New York Boys sent to Virginia
April 7, 1880
A party of nineteen boys gathered from homes of poverty and the lodging houses of the Children’s Aid Society were to be sent to Winchester, Virginia.
It was the first party sent south by funds entrusted to Whitelaw Reed, publisher of the Tribune, but it was the seventh party under his sponsorship.
Some of those who gathered at the rooms of the Society at West Fourth Street were ragged and unkempt. Others were bright and fresh looking, having taken pains to make their appearance as prepossessing as possible.
The boys were taken downstairs and supplied with strong shoes, serviceable caps and such other clothing as they needed. Some were taken to a neighboring barber and came back looking the better for the visit.
Soon after 2:00 p.m. Mr. Whitelaw visited the rooms. He explained they were being given a chance to be, first, good boys, then good men and he wished them a pleasant journey and a prosperous future.
In the care of Agent H.A. Holt, they were taken to a restaurant near by for dinner as their train did not leave until 10:00 p.m. They would change trains in Baltimore, the Baltimore and Ohio railroad taking them to Winchester where they were to be met by a local committee and the approved applicants.
The boys making the trip were:
Charles Bancroft, who would be 16 the next week. His father had been a shipchandler, but Charles has been an orphan for four years. He had an older brother somewhere in Ohio. Charles had stayed with a man named Clayton Hollingsworth for a while, then went to a cracker and cake bakery in Philadelphia. After 8 months of that, he worked on a farm at Vincent Town, then came to Neward and worked in a jewelry store. His pay of $2.50 a week was not enough for his keep, so he came to the Society for aid.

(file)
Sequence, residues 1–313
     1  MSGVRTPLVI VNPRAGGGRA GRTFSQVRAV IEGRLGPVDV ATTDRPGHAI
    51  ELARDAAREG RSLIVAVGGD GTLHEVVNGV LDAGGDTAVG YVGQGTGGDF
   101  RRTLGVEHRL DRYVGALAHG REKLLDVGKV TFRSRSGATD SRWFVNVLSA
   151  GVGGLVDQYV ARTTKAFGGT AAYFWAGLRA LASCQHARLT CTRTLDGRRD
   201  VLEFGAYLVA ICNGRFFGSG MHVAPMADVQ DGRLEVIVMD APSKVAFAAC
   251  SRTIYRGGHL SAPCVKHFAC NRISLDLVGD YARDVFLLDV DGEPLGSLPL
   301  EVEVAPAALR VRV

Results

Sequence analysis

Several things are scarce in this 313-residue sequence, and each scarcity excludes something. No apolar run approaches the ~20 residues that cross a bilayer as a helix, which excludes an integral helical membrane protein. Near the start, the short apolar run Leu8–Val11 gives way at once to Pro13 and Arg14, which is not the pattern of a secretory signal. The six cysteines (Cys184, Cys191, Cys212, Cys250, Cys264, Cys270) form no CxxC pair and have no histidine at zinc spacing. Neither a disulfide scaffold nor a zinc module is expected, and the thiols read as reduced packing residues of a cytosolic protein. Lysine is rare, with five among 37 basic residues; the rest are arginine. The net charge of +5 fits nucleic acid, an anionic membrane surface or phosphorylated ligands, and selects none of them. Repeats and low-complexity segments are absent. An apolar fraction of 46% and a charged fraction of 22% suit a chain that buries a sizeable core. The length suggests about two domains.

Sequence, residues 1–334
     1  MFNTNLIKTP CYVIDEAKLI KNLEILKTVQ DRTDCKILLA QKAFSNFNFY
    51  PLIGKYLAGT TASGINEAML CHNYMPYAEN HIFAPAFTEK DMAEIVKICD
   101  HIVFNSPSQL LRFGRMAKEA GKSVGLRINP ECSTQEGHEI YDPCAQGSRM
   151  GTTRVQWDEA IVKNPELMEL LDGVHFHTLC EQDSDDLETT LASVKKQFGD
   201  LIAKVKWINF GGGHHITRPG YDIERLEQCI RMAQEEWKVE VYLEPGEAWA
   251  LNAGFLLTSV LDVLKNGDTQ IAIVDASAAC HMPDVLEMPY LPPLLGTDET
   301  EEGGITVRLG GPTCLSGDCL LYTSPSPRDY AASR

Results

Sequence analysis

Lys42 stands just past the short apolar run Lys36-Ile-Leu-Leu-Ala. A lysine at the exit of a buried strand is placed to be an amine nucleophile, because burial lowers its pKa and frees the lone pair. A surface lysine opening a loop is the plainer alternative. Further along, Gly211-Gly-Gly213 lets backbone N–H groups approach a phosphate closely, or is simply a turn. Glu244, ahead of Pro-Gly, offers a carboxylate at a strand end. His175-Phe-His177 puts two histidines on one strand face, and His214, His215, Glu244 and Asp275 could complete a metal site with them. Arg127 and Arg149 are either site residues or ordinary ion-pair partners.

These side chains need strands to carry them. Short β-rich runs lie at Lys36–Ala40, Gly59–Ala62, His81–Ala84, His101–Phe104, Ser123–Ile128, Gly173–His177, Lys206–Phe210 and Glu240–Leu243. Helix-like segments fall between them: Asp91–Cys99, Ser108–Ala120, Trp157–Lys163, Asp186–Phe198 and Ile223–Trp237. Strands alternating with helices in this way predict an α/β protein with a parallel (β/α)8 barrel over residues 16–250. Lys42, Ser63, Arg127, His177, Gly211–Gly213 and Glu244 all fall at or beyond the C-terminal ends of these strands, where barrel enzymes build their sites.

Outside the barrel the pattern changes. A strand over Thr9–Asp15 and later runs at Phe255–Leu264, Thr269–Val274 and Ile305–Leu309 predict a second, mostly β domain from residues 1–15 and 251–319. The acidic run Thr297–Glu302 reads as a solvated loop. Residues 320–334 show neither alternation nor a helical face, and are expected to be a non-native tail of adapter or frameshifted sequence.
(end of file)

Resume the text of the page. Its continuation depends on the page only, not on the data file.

Thomas Blenner, 16, had been born in Australia, but had been an orphan for 10 years. A fisherman, John Horn, had brought him to the United States. At the age of 12 Thomas went to Hoboken and was a coal presser on a Bremerhaven Steamer for 6 months. He said he had “not a friend in the world.”
Thomas J. Burns, 19, was the most decently dressed boy of the crowd. His father, a night watchman, had died 3 years ago; his mother a year later. He had worked as an elevator boy at the New York Hotel, but thought he could make a better man of himself in the country.
David Carroll, a strong, healthy looking youth of 17, he was the son of a book canvasser. His mother had been dead for 3 years and his father didn’t make enough to support the two of them. An older brother working at a printing office on Pearl Street couldn’t help out.
Thomas Conklin, 17, had been an orphan for 3 years. After his mother died, he worked for $2.00 a week on a farm at 184th Street and 10th Avenue, but couldn’t live on that wage.
Charles Dixon, 16, was born in Philadelphia, the son of a ship’s cook. Charles had worked as a cabin boy before his father died 2 years before. The family moved to New York and his mother worked in the kitchen of the Grand Central Hotel. Charles had worked for 9 months at an oyster business but had been out of work for 5 weeks.